Although Scotty has been cancer free for 6+ years, he still has lingering effects. His sleeping patterns have not been the same since his diagnosis, his immune system is weakened and you can imagine what having half a colon does to his daily habits. And although he doesn’t really talk about it, I know mentally there are things that creep up from time to time.
Our kids still get nervous and anxious whenever Scott mentions he’s not feeling well – even for a common cold. There are news events and others’ experiences (like Mathias’s passing) that quickly remind me of what we went through and immediately take me back to that time including the emotions of it all. Both Scott and I get nervous every time he has to see a doctor – nothing is routine anymore when it comes to his health.
So, what’s my point in sharing this? I guess it’s more to remind people that cancer is a forever changing disease – and while those that become cancer free are free from the actual disease, they will never be the same. Friends and family shouldn’t act like it never happened once it’s over, because it’s never really over.
- Adult survivors of childhood cancer get help with late effects of treatment
- Stupid Cancer: Long term mental/emotional effects.
RIP Joe Cocker - who died today from his cancer battle at age 70.
Hours after I published my last post, I saw the post that crushed my heart…
It is with great sadness that I have to inform you that our hearts shattered into a million pieces as of 5:00 pm , Sunday night. December 7th will be the date that our beautiful, handsome , strong, brave, athletic , smart, loving , caring, incredible , perfect…MVP decided to be cancer free & leave this earth. He was surrounded by love , as Chris , Troy & I were holding his hands & telling him how much we love him . #MathiasStrong
I wish the family healing, peace and love while they grieve and learn to live their new normal…
A few weeks ago, I tried Zumba. According to Wikipedia, Zumba is an aerobic fitness program featuring movements inspired by various styles of Latin American dance and performed primarily to Latin American dance music.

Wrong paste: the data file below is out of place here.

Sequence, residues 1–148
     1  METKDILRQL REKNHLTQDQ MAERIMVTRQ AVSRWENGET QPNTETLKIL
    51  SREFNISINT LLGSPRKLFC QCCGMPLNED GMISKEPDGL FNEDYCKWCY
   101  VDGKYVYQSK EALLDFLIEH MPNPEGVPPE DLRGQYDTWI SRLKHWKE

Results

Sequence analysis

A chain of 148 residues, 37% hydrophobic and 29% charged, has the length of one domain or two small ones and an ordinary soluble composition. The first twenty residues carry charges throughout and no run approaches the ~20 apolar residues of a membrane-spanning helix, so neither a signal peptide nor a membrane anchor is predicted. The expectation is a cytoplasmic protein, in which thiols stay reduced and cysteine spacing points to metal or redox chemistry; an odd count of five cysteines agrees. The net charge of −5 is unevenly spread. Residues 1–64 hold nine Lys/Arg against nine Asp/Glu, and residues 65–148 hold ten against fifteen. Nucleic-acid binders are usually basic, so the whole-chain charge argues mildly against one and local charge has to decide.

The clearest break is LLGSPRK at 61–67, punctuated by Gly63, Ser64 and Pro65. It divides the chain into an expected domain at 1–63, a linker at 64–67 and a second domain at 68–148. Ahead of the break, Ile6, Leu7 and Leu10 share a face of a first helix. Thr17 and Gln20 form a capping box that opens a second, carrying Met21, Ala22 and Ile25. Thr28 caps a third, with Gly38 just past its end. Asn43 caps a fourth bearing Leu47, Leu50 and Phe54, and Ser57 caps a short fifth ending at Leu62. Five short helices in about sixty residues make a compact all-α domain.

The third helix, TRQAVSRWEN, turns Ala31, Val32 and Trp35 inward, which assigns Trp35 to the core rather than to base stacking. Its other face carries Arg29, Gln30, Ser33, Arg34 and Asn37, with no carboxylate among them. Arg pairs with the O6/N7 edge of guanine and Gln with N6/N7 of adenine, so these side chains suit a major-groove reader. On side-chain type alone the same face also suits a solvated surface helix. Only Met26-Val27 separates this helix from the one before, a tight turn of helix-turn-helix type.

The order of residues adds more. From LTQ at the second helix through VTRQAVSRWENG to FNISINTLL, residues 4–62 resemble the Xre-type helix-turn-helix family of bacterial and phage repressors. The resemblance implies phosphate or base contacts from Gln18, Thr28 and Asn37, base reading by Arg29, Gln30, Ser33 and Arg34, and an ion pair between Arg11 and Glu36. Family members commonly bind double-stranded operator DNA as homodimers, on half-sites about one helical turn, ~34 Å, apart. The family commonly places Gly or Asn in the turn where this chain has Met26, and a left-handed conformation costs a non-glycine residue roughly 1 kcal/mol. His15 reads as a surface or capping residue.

I went with a few of my boxing buddies and we had a blast. After the first class, I realized it had been way too long since I did something totally outside of my norm and laughed. I am no dancer and after the first song or so, it didn’t even matter. It’s just about moving – and dancing for an hour or so. Don’t get me wrong, it’s not going to replace my strength and conditioning work but I am going to add it weekly for now. As a way to just go a bit crazy, dance and laugh for an hour.
This past Saturday, after my boxing session, I went to a 2 hour Zumba charity event, where proceeds went to the St Judes Children’s Hospital. I was able to dance for a hour and half before I just couldn’t do anymore. When I got home, I was spent. Boxing and then dancing for 1.5 hours can take it out of you.
Even though I was tired on Saturday, it was worth it to help raise money for St. Judes. I’ve been feeling rather sad about a local boy’s cancer battle…
Mathias Giordano is a 13 year old boy in Leesburg who was diagnosed with Osteosarcoma, cancer of the bone, in July of 2012. Over the past 28 months, he has endured biopsies, port placement, 30+ rounds of high dose chemo, 3 major lung surgeries, an amputation of his right leg below the knee, and 27 rounds of radiation. Not to mention a few clinical trials.
Needless to say, Mathias is a strong warrior who has fought with so much grace and dignity. His courage and spirit inspire everyone who is lucky enough to meet him. His smile lights up the room and his positive outlook is truly amazing.